Forgiveness: The Power That Heals
by Dick Innes, M.A.
S ome years ago during a visit to Yellowstone Park, one writer observed that the only animal that the grizzly bear would share his food with was a skunk. It wasn't that the grizzly wanted to share his food but rather that he chose to. With one swing of his powerful paw he could have crushed the skunk. So why did he allow the skunk to eat with him?
Because he knew the high cost to getting even.
Undoubtedly he learned the hard way. Strange that we humans often aren't as smart. Sometimes we carry grudges for years, often repressing them from conscious memory, and end up hurting ourselves more than the ones we would like to get even with. We fail to see how damaging an unforgiving spirit is.
In his book, None of These Diseases, Dr. S.I. McMillen says, "Medical science recognizes that emotions such as fear, sorrow, envy, resentment and hatred are responsible for the majority of our sicknesses. Estimates vary from 60 percent to nearly 100 percent."
I read one report of an astonished patient who was told by his doctor: "If you don't cut out your resentments, I may have to cut out a part of your intestinal tract."
Fortunately, the man took the doctor's advice. He had been nursing a bitter grudge against a former business partner. He went to see this man, resolved their differences, and forgave him. When he returned to the doctor, his physical condition had cleared up.
Not to forgive is to be
imprisoned by the past.
That advice isn't new of course. The greatest physician who ever lived, Jesus Christ, pointed out 2,000 years ago the importance of forgiveness. When he encouraged us to "forgive seventy times seven," he was thinking of our physical as much as our spiritual well-being. As Dr. McMillen says, he knew that a forgiving spirit would save us from "ulcerative colitis, toxic goiters, high blood pressure, and scores of other diseases" including ulcers, asthma, arthritis, neuro-dermatitis, and heart ailments—all possible effects of resentment.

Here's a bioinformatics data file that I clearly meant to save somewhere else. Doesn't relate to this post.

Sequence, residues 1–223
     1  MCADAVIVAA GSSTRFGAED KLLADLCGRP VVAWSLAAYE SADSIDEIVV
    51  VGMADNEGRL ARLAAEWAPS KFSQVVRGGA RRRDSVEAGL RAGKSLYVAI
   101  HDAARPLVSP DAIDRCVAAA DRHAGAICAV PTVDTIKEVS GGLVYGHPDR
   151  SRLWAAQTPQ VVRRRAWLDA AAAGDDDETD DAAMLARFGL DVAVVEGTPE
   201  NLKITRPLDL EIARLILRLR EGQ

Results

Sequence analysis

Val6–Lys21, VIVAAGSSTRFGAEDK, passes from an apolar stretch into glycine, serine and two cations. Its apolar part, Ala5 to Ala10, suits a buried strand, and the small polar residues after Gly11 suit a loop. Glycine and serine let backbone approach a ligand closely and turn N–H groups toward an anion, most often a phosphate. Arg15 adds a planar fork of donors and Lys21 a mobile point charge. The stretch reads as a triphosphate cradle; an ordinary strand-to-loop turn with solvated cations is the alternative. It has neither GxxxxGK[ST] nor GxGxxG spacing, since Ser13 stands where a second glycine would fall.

Some time ago in an article in Time1 inspired by Pope John Paul's forgiveness of his would-be assassin, Mehmet Ali Agca, journalist Lance Morrow says that "the psychological case for forgiveness is overwhelmingly persuasive. Not to forgive is to be imprisoned by the past, by old grievances that do not permit life to proceed with new business.
"Not to forgive is to yield oneself to another's control. If one does not forgive, then one is controlled by the other's initiatives and is locked into a sequence of act and response, of outrage and revenge, tit for tat, escalating always. The present is endlessly overwhelmed and devoured by the past."
But to forgive is to be free from the past.
Jesus Christ pointed out another disturbing truth about an unforgiving spirit when he said "If you forgive men when they sin against you, your heavenly Father will also forgive you. But if you do not forgive men their sins, your Father will not forgive your sins."2
I believe what Christ meant was that an unforgiving spirit on my part is a sure sign that I haven't truly shown remorse to God for all my failures nor experienced fully his forgiveness.
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